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Dunbar's baseball team probably wishes Kyle DeLong had listened to one of his Little League coaches Friday night.
Ranked 20th in the state coaches' poll, the Bulldogs were a study in futility, getting just three hits off DeLong, Anderson County's unassuming senior left-hander. DeLong used his assortment of an upper-70s fastball and a variety of off-speed pitches to frustrate the perennial Lexington power and pick up the complete game win.
Not bad for a guy that wasn't good enough.
At least that's what DeLong heard when he started pursuing his dream.
“I just wanted to pitch,” DeLong rememembers. “The pitcher is always in the game.”
But someone who declared that DeLong would be better suited at the other lefty spots, first base or in the outfield.
“I was told I wasn't good enough,” DeLong said last week.
You could have fooled Dunbar. Or nearly every other team that DeLong has beaten during his high school career.
The kid that was “not good” enough is now in the discussion when talking about the best hurlers in the Eighth Region.
“I was kind of shocked,” DeLong says with a big smile. “I just wanted a chance.”
His father, Steve DeLong remembers that first year. “Little League was tough. ... Kyle was quite disappointed after the first year,” he says. “As Little Leaguers, they all want to pitch. But with Kyle being left-handed nobody knew how to teach him. He didn't have any opportunity to pitch his first year.”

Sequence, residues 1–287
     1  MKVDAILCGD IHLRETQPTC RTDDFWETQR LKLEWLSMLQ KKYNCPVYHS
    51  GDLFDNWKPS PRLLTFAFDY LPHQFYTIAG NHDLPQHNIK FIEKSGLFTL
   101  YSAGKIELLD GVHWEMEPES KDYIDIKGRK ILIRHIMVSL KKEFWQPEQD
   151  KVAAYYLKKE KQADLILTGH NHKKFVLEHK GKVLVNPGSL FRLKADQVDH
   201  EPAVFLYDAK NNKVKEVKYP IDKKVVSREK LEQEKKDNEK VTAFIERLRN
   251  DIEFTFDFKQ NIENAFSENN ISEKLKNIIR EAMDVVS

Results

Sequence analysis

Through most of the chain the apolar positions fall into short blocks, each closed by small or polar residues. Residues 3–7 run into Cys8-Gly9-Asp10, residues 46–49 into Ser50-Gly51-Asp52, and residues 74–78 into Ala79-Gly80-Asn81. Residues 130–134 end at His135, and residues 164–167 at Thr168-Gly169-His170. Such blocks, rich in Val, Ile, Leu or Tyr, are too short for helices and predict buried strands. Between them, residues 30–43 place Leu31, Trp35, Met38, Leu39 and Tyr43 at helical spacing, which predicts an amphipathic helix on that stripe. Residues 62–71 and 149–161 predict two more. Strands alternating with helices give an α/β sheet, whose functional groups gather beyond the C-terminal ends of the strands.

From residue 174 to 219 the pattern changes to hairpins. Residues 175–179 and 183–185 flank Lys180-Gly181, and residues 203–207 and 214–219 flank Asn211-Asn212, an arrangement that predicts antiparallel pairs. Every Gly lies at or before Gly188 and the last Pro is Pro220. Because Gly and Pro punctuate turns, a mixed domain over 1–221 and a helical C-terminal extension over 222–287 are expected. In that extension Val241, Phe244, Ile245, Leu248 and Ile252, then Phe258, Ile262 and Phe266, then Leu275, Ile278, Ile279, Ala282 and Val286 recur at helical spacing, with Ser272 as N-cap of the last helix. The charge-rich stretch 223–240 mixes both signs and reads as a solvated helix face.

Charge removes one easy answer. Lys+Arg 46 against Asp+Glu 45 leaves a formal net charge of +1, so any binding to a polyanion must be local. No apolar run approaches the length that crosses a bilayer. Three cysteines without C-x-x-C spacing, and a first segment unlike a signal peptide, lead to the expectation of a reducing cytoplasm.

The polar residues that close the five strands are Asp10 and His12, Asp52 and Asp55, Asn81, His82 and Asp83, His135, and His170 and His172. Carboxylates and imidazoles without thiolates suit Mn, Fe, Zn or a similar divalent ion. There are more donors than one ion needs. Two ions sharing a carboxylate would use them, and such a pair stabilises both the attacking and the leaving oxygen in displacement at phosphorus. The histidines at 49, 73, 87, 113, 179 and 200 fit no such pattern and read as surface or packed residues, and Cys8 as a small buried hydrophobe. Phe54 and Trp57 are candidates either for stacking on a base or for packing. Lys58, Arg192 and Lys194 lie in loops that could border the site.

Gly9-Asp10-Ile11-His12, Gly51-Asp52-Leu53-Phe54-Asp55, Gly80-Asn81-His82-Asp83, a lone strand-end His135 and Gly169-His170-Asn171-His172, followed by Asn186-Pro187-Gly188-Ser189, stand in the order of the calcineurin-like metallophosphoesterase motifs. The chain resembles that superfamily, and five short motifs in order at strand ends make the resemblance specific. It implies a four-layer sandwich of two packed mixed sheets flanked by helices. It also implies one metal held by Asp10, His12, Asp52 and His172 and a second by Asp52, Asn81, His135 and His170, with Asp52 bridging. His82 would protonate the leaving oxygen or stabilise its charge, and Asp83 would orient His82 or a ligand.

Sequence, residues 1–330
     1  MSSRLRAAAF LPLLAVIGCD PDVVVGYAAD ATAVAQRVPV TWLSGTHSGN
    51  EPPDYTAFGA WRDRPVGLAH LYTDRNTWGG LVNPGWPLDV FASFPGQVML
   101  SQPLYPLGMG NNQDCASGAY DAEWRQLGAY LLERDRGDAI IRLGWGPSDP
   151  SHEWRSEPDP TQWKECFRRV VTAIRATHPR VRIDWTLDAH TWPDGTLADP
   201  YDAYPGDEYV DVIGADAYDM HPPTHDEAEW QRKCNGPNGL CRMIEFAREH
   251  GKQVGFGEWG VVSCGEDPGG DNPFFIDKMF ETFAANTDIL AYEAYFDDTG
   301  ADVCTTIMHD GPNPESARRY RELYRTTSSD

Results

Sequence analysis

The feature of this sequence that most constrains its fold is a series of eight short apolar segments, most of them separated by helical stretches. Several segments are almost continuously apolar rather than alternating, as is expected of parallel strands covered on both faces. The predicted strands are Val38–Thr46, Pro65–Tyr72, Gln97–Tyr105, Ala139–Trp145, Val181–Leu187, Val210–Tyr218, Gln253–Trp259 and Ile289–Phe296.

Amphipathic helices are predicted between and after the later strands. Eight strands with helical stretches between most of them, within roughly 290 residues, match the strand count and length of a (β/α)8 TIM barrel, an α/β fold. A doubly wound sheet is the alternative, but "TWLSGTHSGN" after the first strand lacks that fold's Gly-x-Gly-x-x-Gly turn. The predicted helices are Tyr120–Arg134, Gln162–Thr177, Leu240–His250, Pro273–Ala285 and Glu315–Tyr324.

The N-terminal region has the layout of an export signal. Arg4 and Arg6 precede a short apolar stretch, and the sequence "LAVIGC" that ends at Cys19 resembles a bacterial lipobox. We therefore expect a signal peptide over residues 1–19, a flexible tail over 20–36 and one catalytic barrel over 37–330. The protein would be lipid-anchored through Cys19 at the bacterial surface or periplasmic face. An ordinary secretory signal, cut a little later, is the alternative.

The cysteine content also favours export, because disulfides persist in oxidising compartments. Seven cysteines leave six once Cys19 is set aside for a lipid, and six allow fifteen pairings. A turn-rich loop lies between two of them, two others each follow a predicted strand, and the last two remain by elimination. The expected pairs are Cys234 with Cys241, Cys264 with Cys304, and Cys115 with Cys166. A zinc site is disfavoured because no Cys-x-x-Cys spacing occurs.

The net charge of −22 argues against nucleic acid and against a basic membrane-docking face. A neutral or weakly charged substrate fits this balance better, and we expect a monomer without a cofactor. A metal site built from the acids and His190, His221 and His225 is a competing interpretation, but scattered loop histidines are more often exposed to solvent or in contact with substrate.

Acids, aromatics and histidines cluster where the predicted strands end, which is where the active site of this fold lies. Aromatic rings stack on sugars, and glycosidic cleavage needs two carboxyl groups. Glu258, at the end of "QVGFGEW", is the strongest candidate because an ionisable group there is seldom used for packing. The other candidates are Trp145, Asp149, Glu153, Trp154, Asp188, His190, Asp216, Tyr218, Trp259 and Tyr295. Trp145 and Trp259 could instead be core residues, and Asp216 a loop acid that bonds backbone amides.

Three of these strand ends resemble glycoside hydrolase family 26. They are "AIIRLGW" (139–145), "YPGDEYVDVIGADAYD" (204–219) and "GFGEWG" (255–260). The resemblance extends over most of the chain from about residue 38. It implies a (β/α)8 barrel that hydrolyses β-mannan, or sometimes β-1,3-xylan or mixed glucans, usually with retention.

There are no grudges. It's just not in Kyle DeLong's makeup. In fact, he says he gets along well with the unnamed person that did not let him climb the 10-inch hill. “It was for the good,” he says. “It made me realize I was going to have to work harder.”
His father says Kyle did get a few chances to pitch the following year, then after working extensively with local baseball expert John Halvachs, he got a chance for Anderson County Middle School.
“I think it was a no-decision,” he says of that first start.
The first batter?
“I think I walked him,”
Things sure have changed. Friday, in that gem against Dunbar, DeLong did not issue a base on balls.
It was a typical performance for DeLong, who has won five of his last six starts, carries a sub-3.00 ERA and is averaging better than a strikeout per inning.
“His biggest strength is that he has become a pitcher and not just a thrower.,” says Anderson pitching coach Chris Copenhaver. “That is probably the most important thing for them to learn in high school especially if they are going to pitch on the next level, which he is (at Centre College). Eventually, just being a thrower isn’t going to be a good enough.”
The fateful words pop up again.
Ironically, it might have been a game in which Anderson was on the wrong end of the score that showed DeLong, and those around the Anderson program, that he really was “good enough.”
It was the spring of 2008. Anderson, the newly-crowned Eighth Region champion, had the task of trying to stop eventual state champion Pleasure Ridge Park, ranked the nation's fourth-best high school team by USA today, in the semi-state series in effect at the time.
Knowing that the Bearcats would probably be going against the state's best pitcher, Zach Cox, Anderson coach L.W. Barnes opted to save his top hurler and go with DeLong, then a sophomore who had not pitched since the district tournament.. “We were looking at it as a 3-game series,” Barnes said at the time.